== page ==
The magic that happens at NerdCamp  in Parma, MI  is almost indescribable, which is ironic considering that while there you are completely surrounded by readers and writers who spread the literacy enthusiasm with full energy and generosity. There is a spirit of sharing, thinking together, laughing.  There are also those moments of tearing up as speakers hit your heartstrings and it doesn't matter who is sitting next to you but you glance at one another and just know that you both feel that deep commitment and love and compassion and determination for kids, for humanity. 

Another beauty of NerdCamp is that the experience sticks with you, so today I'm reflecting on the After Nerdy and here is what I witnessed  and what I feel so far:

I witnessed a newly graduated teacher ready to start her career writing in her notebook on the four-hour drive home.

I witnessed a "car PD"  we debriefed each session we attended and the highlights and our thinking moving forward.  

I feel reaffirmed.

I feel the power of friendships renewed and strengthened and friendships newly made. 

I feel thankful...

Thankful that my career is one that I love and that I am surrounded by all of you.

Thankful to Colby Sharp @colbysharp and Alaina Sharp @sharpgalore for all of their incredible giving work to make this happen for so many.  To you and your entire team I feel gratitude. (I truly hope you are resting today!)  Knowing that after we left NerdCamp many students entered and basked in a magical literacy camp, just makes me beyond thankful.  Thank you to the entire original Nerd Team - for building communities of learners and bring us together through books and words.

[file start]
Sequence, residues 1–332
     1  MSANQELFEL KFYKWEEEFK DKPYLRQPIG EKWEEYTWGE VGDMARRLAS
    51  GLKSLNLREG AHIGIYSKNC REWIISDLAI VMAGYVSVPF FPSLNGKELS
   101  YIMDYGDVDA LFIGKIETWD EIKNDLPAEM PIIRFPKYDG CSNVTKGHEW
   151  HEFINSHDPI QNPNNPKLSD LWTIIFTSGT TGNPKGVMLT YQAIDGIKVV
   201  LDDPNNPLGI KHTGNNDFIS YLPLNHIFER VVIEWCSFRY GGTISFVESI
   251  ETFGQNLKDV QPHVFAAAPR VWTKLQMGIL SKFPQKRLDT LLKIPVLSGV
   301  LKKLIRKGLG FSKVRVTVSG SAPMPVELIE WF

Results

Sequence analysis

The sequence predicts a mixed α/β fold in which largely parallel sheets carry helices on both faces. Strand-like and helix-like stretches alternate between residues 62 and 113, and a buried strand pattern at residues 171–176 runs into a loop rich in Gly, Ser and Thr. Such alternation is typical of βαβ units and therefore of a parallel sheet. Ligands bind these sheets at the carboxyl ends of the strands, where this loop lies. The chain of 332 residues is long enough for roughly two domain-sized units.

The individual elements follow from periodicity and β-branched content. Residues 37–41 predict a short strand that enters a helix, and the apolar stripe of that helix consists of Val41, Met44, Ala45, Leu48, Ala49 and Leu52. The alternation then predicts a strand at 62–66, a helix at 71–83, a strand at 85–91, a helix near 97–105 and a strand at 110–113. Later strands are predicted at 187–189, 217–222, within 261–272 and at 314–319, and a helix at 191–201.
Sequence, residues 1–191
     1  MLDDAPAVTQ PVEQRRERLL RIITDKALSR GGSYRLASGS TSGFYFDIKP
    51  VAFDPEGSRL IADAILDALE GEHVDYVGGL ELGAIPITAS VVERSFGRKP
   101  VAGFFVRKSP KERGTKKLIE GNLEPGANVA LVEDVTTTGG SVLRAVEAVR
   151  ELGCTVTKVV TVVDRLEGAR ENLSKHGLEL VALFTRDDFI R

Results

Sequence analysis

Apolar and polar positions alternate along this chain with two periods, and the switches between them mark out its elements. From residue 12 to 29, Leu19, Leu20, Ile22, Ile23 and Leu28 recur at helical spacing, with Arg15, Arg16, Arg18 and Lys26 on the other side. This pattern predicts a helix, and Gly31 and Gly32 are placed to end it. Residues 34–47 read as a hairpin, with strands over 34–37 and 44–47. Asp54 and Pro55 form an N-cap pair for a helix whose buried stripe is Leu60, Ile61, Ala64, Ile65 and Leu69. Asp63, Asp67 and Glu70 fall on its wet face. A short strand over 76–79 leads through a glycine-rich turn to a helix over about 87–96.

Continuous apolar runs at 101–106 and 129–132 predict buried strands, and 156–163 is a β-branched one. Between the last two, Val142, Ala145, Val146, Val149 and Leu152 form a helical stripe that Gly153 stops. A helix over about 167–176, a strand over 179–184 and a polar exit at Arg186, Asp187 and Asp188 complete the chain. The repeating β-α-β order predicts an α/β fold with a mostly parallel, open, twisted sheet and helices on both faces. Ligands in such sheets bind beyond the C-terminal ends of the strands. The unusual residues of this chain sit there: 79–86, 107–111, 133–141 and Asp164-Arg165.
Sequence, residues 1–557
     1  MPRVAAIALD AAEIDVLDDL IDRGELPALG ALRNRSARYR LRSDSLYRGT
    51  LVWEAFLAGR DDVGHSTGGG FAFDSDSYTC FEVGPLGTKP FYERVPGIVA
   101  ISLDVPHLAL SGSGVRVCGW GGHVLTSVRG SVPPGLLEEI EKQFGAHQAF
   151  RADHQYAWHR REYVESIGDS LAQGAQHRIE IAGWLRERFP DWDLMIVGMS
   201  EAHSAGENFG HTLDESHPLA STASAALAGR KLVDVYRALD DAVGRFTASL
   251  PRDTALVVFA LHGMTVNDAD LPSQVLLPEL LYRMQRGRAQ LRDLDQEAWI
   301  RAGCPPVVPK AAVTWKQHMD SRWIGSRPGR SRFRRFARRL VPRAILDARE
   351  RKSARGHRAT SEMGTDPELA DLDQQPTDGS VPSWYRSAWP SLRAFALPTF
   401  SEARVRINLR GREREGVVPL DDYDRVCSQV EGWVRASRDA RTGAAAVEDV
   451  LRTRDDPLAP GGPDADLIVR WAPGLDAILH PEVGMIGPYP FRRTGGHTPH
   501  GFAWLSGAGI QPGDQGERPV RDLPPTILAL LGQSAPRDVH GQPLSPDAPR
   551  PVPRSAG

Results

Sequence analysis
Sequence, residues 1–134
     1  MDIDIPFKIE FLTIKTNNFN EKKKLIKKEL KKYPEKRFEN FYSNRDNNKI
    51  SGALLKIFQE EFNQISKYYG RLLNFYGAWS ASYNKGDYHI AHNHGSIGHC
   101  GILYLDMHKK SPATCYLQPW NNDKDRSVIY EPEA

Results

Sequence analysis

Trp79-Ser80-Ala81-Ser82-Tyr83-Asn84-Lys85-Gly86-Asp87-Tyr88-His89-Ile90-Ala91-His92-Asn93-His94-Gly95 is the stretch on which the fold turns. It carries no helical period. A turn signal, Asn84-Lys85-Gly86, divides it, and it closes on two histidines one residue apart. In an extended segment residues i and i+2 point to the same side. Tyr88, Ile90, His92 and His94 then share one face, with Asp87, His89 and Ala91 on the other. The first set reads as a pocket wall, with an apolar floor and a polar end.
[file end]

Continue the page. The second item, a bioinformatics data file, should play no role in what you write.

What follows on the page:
Finally, I feel hopeful by all the advocates for children in our world.  I feel hopeful for the new teachers and those of us who have been fortunate to teach for many years and all of us in-between!  It is so important in our world that we have these strong communities for learning and thinking together.  Thank you to all at   for giving this spirit of hopefulness that our actions and the words we share make a difference.  

Wednesday, June 29, 2016

My Wish...

I just finished two books - both have the element of making a wish.  Both main characters are nicknamed Charlie.  While the storyline in both are not to be compared, the feeling of family strength, love and support as well as community and friendship, are in both.  

Wish By Barbara O'Connor

The Seventh Wish by Kate Messner
This book has recently sparked a censorship discussion. I am reminded that we never truly know what someone else is going through.  How could we deny this book that has been beautifully, thoughtfully, and carefully crafted from anyone?  

So many times, especially through the hardest times in my life including losing my mother to cancer or dealing with my father's Alzheimer's, it has been an outstanding middle grade book that has brought me comfort while through the tears of reading.  

My wish is for every reader to have the choice in his or her reading, the choice that brings that reader just what he or she needs at the right moment.